Dr. Ihsan Ayyub Qazi @ LUMS

Associate Professor of Computer Science

Syed Babar Ali School of Science & Engineering

Lahore University of Management Sciences (LUMS)

[CV] [Email] Phone: +92 42 35608368

I'm broadly interested in researching networked systems and their societal impacts. My current research centers on digital development, countering misinformation, cloud/edge computing and the interplay between technology and public policy.

Research: Cognitive Reflection & Misinformation

Research: Rethinking Web for Affordability

What ChatGPT means for Higher Education?

June, 202[Journal of Development Economics, 2023]: Misinformation is a growing concern in developing countries with potentially far-reaching consequences. We evaluate whether educational interventions improve discernment of news using a randomized control trial. We find no effect of video-based general educational messages. However, when such video messages is combined with personalized feedback, accuracy rate improves. You can read the full paper here.

September, 2022  [ACM CoNEXT, 2022]: Despite the popularity of entry-level smartphones in developing countries, little is known about how mobile video performs over such devices. We conducted the first empirical evaluation of mobile video performance under memory pressure. Our user study measures how frequently smartphones encounter memory pressure. We explore various strategies for reducing the impact of memory pressure.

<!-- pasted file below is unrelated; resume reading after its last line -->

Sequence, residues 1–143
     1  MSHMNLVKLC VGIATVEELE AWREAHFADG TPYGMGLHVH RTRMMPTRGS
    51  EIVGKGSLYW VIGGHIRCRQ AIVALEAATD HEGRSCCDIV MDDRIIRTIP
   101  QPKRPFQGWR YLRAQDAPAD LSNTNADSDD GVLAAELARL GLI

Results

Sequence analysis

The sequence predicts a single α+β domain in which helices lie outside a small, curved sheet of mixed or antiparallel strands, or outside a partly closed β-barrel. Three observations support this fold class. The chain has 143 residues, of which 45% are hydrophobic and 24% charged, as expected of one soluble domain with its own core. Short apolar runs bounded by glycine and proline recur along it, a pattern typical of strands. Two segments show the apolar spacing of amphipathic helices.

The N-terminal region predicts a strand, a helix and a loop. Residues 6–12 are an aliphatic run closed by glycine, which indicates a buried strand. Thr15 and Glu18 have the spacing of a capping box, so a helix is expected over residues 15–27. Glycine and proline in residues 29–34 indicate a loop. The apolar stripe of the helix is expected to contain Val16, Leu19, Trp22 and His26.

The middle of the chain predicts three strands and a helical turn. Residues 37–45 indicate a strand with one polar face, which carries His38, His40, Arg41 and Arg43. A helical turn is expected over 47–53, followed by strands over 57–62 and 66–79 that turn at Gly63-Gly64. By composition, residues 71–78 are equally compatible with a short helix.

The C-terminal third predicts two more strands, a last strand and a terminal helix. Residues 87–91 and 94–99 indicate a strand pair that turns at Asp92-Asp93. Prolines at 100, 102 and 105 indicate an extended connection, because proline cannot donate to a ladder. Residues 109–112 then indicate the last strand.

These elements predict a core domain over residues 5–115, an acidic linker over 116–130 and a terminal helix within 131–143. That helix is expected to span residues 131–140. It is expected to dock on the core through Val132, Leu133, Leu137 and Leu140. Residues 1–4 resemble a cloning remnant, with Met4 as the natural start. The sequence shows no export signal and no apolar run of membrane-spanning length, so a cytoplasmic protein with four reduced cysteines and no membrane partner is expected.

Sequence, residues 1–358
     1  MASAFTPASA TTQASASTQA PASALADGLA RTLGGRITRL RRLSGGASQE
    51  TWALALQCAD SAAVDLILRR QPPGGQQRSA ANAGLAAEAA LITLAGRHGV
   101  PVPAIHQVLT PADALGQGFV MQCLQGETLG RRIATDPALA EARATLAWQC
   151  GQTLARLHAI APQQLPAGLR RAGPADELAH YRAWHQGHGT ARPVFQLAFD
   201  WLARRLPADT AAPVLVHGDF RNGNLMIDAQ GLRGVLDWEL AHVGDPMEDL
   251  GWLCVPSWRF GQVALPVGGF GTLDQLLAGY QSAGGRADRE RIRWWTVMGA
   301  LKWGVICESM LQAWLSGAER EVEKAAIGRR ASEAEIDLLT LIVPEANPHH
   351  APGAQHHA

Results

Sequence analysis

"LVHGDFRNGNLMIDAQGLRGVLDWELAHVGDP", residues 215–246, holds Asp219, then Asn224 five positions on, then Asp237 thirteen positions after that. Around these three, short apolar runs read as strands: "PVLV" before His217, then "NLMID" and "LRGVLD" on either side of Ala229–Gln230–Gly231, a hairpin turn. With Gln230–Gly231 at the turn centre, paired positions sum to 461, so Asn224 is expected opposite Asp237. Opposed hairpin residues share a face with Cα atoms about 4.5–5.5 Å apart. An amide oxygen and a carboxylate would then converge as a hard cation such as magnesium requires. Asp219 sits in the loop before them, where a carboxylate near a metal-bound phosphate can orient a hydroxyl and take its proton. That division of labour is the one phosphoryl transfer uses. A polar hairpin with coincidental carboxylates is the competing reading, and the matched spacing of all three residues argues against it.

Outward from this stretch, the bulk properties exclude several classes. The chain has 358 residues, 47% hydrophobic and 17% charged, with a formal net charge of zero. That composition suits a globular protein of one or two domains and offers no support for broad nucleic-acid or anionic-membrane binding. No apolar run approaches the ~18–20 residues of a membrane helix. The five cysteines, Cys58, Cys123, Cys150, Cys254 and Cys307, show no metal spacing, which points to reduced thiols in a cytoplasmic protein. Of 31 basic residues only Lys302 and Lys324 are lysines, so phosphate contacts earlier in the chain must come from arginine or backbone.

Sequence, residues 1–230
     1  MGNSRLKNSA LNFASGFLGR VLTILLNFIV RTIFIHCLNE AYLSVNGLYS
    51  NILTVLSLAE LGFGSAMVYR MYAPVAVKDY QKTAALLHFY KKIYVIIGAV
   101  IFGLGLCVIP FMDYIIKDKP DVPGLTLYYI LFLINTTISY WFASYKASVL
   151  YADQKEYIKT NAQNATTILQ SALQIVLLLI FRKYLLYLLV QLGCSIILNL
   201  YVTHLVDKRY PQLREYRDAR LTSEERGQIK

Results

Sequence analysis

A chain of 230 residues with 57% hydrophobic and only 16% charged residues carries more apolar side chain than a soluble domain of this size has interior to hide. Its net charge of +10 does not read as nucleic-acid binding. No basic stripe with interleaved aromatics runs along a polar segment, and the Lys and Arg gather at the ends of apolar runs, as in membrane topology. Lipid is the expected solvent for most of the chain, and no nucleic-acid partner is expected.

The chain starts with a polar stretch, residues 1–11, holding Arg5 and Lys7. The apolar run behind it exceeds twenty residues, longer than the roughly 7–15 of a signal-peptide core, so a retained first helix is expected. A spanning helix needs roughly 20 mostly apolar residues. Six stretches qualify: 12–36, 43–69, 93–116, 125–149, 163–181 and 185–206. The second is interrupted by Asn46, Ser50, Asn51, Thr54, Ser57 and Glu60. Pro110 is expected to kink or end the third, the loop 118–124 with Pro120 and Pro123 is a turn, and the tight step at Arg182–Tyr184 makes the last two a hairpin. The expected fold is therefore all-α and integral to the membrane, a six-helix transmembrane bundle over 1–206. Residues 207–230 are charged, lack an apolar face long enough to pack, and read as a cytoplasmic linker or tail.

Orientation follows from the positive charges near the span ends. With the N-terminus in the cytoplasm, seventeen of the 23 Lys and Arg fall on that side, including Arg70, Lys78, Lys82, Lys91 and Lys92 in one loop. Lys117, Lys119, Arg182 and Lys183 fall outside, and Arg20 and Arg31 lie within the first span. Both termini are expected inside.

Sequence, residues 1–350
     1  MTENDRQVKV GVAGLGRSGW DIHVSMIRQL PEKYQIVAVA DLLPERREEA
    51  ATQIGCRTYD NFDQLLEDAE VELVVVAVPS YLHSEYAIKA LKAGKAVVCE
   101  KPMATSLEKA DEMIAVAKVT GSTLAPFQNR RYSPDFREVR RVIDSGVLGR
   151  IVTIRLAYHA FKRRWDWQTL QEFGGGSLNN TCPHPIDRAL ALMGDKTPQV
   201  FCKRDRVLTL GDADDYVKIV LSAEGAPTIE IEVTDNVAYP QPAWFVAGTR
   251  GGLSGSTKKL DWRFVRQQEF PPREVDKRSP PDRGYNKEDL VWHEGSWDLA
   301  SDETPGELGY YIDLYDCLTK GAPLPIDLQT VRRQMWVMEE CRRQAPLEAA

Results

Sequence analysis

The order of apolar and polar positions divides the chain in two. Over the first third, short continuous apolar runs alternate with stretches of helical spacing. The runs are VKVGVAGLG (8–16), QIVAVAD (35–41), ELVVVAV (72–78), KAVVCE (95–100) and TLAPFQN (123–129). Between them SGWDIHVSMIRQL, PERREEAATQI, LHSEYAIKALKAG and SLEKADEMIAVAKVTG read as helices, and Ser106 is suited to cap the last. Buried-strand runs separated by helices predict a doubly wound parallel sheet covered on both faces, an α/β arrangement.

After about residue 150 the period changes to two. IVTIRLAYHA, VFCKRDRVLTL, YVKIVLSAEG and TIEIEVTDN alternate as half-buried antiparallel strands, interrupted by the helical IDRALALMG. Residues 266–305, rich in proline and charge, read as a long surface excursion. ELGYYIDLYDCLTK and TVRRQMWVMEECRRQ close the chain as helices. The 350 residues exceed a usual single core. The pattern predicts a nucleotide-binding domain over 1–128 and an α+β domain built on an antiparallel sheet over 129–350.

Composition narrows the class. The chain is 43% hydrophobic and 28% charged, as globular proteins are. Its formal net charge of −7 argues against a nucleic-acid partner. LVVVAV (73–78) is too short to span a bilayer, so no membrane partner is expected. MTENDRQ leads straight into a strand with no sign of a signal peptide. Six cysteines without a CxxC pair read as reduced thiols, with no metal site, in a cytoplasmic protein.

September, 2022  [ACM IMC, 2022]: Today, more than 200 million users use Android Go, a mobile operating system for entry-level smartphones. Yet little is known about its impact on mobile Web performance. We conducted the first empirical study about the causal impact of Android Go using controlled experiments and a set of methodological approaches from the econometrics literature.

July, 2022  [Harvard Kennedy Misinformation Review, 2022]: The uncertainty surrounding the COVID-19 pandemic has been fueled by the COVID-19 “infodemic.” We evaluated the relationship between individual differences in cognitive reflection and the ability to discern between true and false COVID-19 information using a random sample of 621 low- and middle-income users in Pakistan. We find that higher cognitive reflection test scores are associated with greater truth discernment for COVID-19 headlines, less trust but greater use of formal information sources, and greater demand for KN95 masks

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